myth and ritual; darkness and courage

Yesterday and today have been reading days – the plan was to read a chapter or two of half a dozen books, just to start my thinking in a few different areas [i’m still on a very steep learning curve with this new role!]. Instead, i’ve found myself absolutely engrossed by Karen Armstrong’s latest book, The case for God, and haven’t moved past it.

I’ve been thinking a lot recently about moments of transformation – we can’t create them, but we can make space where they might be possible… In the first chapter of Armstrong’s book, she walks us through a history of religion and ritual since humankind first existed, beginning with the rituals that shape pre-historic life. For the pre-modern person, myth only makes sense in the context of the ritual which brings it to life. It isn’t the myth that’s important, or even the truth behind it; instead what matters is the transformation caused by the ritual. It’s pointless knowing that death is intimately entangled with life if you don’t live as though that’s true. So, 30 000 years ago, a boy would crawl through a mile of underground labyrinthine passages – with no light, and to the terrifying sound effects of screaming and thumping – to find himself in a cave covered with paintings, where he would be introduced to the tribal rituals surrounding hunting, victory, death and birth… and there in the cave he wouldn’t just hear the stories; he would know them through a new lens of courage, because he’d had to find that courage simply to make it to the cave. And, when he left the cave and faced the inevitable terrors of the adult world, he would know where to find courage to live…

‘Like any work of art’ Armstrong says, ‘a myth will make no sense unless we open ourselves to it wholeheartedly and allow it to change us. If we hold ourselves aloof, it will remain opaque, incomprehensible and even ridiculous.’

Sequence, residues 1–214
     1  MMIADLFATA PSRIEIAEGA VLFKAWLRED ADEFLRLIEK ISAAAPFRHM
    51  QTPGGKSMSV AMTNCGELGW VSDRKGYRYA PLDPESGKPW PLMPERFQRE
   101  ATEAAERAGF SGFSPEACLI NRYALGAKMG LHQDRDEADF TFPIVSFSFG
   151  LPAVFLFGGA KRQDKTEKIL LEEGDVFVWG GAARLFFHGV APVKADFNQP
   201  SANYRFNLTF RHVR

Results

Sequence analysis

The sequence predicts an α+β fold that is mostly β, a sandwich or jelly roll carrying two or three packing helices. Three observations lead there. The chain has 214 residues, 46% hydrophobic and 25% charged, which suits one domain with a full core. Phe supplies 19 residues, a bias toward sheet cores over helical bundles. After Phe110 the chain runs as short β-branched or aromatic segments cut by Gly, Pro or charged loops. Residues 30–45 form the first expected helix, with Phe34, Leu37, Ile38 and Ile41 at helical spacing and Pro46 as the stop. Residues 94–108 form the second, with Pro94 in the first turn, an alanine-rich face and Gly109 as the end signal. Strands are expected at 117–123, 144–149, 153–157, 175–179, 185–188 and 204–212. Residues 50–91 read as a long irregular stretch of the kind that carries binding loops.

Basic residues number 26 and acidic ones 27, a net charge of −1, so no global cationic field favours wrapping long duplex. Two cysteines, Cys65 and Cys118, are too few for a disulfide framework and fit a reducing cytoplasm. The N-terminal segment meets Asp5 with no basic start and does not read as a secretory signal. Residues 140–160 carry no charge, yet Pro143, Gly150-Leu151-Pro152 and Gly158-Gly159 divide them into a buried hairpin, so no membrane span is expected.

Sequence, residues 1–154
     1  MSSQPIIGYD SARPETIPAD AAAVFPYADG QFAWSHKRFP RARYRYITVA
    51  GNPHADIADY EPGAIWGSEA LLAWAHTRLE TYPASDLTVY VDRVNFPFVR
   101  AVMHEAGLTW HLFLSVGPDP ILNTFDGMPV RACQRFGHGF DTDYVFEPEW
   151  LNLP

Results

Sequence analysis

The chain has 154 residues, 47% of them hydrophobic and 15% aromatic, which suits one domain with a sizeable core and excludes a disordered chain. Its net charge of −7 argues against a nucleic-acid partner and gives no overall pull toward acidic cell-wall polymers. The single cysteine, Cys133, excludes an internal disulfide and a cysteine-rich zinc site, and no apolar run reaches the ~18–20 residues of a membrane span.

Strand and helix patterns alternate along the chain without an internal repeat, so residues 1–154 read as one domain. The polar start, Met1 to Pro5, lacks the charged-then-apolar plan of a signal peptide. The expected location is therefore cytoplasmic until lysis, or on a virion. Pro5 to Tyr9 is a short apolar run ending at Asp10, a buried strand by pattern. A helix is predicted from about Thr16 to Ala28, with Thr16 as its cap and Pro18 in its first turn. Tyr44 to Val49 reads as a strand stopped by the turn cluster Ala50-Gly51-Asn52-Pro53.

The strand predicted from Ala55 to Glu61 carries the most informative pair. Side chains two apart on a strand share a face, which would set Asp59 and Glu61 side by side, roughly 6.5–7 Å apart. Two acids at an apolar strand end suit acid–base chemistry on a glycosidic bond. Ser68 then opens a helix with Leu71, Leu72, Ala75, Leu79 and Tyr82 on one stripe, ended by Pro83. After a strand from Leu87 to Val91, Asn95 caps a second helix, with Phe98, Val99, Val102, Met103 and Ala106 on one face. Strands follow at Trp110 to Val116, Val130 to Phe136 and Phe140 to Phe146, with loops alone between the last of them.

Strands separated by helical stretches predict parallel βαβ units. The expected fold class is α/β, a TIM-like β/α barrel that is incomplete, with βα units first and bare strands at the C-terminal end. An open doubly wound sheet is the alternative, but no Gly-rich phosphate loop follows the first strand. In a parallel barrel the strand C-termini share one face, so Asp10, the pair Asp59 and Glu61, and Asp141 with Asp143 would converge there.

Which is the luxury and the peril of our time – that we can hold ourselves aloof from the myths of life and death…

So how do we create the places where we can come face to face with fear and desolation… and where we practise courage for the moment we need it? It’s going to be fun trying… Perhaps the turbine hall at the Tate Modern is an example… the last two paragraphs of the Guardian’s review make me want to get back on a plane and go visit…

4 Comments

  1. ben

    The story of the boy in the cave always strikes me as something missing in our culture. I have often felt that self harm, pub fights and even Jackass are in some ways connected to our cultures lack of ritual, particularly “rites of passage” kinds of things. On All in the Mind a few weeks back, there was an episode about “Dark Science”, where there were people talking about what it was like to be pierced or become a human mobile (hung by hooks through the back). (http://www.abc.net.au/rn/allinthemind/stories/2009/2692929.htm)

    I quite like the body, being a yoga teacher and all… but sometimes wonder why the “alt worship” crew haven’t done more rituals involving pain… self flagellation was a big fave in the middle ages, and apparently even God wasn’t opposed to the transformational power of self harm (Exhibit A: crucifixion)… u could even give out that bumper sticker at the end: “Body piercing saved my life”.

    I am writing the liturgy as we speak… 😉

  2. do you think god wanted the crucifixion to happen? perhaps it was out of god’s control…

    i’m going to watch All in the mind…

  3. I’ve been reading the wanders trilogy by caisheal mor recently – following two young druid apprentices through their preparation for a particular role to keep the Irish traditions alive while christianity is embraced by the Irish people (in a choice between alliance with Rome for the protection they can offer against Saxon warriors or going it alone …). the rituals described in Mor’s stories also require some courage, and involve, I don’t know that it’s self flagellation really, but they do involve some pain, physical distress, use of hallucinogens … I’m not sure I’d incorporate any of that, but it’s certainly worth pondering the embodied nature of ritual as offering deep connection with our being, our whole being …

  4. ben

    Hmm.. Yeah you got me Cheryl… I dont think God chose crucifixion … and yep… dont even think god had control over the course of events. But i would happily suspend that particular belief for a service that involves people suspending their whole selves (and their beliefs) from meat hooks!

    I’m joking. Sort of.

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